Ankle sprain is the most common sports injury in the United States. A typical sprain involves an inversion mechanism to the ankle, often with the individual landing on an uneven surface or opposing player's foot. Injury occurs to the lateral ligaments with partial or complete tearing of the ligament and capsular structures on the outside of the ankle as these are stretched. A "pop" is often heard and pain and swelling result. Atypical sprains occur on the medial side (eversion) in the syndesmosis (high ankle sprain) and the midfoot (midfoot sprain).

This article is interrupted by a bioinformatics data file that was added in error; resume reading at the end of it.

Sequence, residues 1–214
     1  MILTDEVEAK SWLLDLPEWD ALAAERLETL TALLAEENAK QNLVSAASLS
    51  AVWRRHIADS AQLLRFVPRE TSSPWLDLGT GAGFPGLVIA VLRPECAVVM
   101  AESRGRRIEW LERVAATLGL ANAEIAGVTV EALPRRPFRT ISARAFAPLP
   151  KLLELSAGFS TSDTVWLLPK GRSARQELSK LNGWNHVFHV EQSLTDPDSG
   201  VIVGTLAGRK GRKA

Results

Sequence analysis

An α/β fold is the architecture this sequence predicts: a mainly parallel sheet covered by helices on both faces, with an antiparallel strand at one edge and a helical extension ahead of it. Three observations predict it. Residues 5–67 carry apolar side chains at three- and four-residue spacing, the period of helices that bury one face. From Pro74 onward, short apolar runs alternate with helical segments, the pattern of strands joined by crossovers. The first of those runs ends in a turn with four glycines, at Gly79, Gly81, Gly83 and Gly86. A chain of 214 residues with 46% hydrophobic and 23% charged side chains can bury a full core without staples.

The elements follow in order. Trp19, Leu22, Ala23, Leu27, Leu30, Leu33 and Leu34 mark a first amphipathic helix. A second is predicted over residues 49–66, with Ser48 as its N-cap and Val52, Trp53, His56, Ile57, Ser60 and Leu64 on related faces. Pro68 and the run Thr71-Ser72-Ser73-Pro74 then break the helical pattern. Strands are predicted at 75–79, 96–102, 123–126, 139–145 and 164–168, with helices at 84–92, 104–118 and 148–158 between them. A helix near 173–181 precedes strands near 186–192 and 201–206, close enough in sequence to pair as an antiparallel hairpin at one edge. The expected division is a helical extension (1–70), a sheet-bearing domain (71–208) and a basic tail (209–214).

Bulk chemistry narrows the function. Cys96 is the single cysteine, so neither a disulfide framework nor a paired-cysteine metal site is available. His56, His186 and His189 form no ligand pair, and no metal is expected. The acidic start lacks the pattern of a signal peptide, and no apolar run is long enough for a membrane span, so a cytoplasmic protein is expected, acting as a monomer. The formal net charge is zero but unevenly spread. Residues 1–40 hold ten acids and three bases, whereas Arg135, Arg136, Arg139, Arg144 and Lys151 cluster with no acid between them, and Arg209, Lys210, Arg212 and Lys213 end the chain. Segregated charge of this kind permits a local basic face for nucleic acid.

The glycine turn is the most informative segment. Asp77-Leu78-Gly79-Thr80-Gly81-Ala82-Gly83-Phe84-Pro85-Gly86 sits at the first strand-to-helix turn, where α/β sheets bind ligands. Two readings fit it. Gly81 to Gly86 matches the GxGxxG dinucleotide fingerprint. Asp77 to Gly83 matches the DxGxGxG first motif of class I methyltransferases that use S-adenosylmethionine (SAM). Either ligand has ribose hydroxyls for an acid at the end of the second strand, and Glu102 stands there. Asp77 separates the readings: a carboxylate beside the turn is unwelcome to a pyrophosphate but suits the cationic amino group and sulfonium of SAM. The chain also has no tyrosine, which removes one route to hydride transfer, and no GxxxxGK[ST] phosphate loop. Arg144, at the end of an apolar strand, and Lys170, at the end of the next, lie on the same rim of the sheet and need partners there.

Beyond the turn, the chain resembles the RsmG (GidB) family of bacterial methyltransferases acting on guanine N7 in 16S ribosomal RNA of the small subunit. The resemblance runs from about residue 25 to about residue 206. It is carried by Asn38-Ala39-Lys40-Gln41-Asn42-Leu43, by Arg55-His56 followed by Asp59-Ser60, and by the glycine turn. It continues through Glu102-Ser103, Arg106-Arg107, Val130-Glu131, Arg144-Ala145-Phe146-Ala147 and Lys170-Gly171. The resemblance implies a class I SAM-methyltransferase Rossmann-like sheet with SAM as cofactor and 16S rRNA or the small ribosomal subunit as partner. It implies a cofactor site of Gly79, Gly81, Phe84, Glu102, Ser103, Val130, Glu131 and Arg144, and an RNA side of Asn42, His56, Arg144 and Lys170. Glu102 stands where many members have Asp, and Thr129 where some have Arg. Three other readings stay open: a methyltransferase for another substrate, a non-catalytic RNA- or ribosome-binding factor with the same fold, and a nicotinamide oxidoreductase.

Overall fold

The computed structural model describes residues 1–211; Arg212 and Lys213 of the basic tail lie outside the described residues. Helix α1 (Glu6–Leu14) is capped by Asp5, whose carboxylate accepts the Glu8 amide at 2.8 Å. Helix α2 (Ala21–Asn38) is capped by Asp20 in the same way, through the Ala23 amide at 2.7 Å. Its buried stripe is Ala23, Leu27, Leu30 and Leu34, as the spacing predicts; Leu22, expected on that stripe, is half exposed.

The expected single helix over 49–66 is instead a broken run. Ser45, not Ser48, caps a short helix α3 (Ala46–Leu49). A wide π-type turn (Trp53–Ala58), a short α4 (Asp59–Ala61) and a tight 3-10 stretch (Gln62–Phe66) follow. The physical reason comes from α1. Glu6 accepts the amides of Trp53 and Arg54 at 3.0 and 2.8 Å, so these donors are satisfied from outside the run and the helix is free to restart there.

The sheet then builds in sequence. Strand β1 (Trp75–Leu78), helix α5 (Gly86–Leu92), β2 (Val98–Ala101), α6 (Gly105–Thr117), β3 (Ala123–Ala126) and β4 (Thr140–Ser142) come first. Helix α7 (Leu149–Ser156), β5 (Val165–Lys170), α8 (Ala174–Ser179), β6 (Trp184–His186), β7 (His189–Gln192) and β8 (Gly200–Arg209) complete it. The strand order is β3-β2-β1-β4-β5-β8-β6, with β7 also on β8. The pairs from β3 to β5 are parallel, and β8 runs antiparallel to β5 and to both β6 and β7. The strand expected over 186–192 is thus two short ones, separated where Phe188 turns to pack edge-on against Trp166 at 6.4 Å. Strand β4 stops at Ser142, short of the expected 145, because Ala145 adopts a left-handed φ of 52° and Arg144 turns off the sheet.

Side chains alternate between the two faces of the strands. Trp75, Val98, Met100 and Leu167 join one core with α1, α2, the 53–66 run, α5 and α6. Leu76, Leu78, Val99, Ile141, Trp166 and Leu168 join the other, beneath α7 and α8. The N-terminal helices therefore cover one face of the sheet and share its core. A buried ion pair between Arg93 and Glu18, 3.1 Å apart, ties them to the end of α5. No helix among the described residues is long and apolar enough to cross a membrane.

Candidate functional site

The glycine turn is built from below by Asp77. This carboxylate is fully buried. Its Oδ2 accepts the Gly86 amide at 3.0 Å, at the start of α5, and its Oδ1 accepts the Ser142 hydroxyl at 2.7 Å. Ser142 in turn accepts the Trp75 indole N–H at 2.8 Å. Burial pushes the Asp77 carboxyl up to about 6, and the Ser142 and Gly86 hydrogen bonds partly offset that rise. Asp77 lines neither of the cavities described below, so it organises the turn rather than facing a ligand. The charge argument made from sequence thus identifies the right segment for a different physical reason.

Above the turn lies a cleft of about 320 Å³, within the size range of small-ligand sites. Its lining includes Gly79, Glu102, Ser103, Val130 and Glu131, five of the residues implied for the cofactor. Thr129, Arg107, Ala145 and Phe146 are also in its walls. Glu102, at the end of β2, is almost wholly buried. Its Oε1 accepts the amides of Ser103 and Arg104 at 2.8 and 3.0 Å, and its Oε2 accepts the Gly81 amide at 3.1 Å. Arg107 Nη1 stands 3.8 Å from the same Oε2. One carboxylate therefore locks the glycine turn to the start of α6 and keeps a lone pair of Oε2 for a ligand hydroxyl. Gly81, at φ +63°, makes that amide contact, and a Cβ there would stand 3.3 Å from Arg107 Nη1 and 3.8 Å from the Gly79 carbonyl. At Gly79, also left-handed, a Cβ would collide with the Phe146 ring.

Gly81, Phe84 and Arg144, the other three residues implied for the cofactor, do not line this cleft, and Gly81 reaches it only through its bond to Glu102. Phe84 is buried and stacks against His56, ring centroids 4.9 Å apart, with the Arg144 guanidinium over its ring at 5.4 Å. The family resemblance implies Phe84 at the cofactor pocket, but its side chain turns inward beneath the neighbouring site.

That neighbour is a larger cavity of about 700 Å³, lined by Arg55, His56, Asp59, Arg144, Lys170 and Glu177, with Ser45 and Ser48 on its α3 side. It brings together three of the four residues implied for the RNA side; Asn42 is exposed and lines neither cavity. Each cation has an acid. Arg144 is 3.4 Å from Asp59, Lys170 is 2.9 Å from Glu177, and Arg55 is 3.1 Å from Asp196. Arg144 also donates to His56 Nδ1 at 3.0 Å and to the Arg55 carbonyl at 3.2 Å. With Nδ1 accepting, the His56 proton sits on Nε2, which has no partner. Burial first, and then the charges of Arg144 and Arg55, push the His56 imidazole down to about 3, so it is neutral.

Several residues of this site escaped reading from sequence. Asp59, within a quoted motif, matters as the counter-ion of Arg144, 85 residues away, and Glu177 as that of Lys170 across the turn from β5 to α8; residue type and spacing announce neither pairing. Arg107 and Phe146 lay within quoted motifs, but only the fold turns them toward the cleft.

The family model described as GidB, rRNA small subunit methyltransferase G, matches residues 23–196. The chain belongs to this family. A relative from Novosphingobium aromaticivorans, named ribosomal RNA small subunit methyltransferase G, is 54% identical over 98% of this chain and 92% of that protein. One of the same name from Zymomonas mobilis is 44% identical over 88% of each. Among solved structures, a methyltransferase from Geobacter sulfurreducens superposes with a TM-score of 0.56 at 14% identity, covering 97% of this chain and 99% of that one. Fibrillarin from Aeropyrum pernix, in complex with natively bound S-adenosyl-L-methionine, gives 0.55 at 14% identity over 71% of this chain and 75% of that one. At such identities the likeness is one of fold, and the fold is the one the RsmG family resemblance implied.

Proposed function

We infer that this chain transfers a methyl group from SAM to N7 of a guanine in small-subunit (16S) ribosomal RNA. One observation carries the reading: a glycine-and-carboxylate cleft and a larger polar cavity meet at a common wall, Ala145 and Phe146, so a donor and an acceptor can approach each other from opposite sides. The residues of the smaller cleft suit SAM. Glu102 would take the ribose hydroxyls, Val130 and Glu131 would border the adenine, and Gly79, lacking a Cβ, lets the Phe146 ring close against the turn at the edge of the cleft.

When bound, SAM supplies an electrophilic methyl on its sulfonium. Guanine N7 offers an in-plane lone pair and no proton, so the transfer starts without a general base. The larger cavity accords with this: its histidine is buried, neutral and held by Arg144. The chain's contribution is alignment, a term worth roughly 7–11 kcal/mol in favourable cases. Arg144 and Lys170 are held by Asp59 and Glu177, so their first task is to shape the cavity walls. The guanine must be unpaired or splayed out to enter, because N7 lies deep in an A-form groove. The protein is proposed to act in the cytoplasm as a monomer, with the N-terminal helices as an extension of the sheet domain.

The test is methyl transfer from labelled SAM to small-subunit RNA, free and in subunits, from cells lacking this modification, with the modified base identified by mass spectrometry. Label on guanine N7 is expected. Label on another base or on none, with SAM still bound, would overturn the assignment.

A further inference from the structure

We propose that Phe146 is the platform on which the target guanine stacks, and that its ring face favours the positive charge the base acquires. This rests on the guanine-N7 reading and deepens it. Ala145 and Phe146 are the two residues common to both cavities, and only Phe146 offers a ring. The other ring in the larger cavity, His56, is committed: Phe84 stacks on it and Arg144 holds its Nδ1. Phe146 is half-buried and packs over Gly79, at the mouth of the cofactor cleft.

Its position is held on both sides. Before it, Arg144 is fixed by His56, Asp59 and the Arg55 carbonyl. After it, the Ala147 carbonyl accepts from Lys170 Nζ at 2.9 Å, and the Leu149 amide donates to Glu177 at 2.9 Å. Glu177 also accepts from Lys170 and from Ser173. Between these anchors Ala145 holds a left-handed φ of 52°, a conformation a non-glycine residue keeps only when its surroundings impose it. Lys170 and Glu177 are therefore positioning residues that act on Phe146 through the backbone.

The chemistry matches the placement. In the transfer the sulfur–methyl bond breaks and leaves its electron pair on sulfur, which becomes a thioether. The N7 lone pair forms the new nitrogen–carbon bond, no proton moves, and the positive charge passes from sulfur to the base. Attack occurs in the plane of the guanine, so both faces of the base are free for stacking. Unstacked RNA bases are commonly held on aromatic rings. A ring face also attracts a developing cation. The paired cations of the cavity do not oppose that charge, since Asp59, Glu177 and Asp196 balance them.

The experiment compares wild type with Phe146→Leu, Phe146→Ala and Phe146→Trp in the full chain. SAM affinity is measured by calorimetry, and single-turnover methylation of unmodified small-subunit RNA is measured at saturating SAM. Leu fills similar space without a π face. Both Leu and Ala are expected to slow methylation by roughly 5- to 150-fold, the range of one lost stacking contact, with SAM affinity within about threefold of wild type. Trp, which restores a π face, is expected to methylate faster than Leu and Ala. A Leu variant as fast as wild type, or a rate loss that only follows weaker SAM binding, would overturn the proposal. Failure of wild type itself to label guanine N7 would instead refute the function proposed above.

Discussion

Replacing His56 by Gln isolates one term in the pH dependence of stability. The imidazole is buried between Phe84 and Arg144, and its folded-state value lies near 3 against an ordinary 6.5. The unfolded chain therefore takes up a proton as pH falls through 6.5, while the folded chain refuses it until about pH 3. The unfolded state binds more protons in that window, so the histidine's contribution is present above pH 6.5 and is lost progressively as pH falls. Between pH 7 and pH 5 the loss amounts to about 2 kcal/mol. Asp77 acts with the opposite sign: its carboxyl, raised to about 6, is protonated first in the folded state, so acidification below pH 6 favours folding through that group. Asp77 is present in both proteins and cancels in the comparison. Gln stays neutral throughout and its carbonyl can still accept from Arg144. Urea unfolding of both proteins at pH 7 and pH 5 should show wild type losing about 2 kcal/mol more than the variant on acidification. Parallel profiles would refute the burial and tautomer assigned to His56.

A physical examination will be performed to assess the amount of pain and swelling, and identify the severity of the sprain. An x-ray may be recommended to determine whether any bones in the ankle or foot are broken. An MRI may be recommended to rule out any damage to the ligaments or joints.
Ankle sprains are very painful and often cause immediate swelling of the outer portion of the ankle. Walking is difficult and sometimes too painful for one to three days, but can usually be done. Pain and limping from mild sprains last five to seven days, moderate sprains can last up to three to four weeks, and severe sprains up to eight weeks.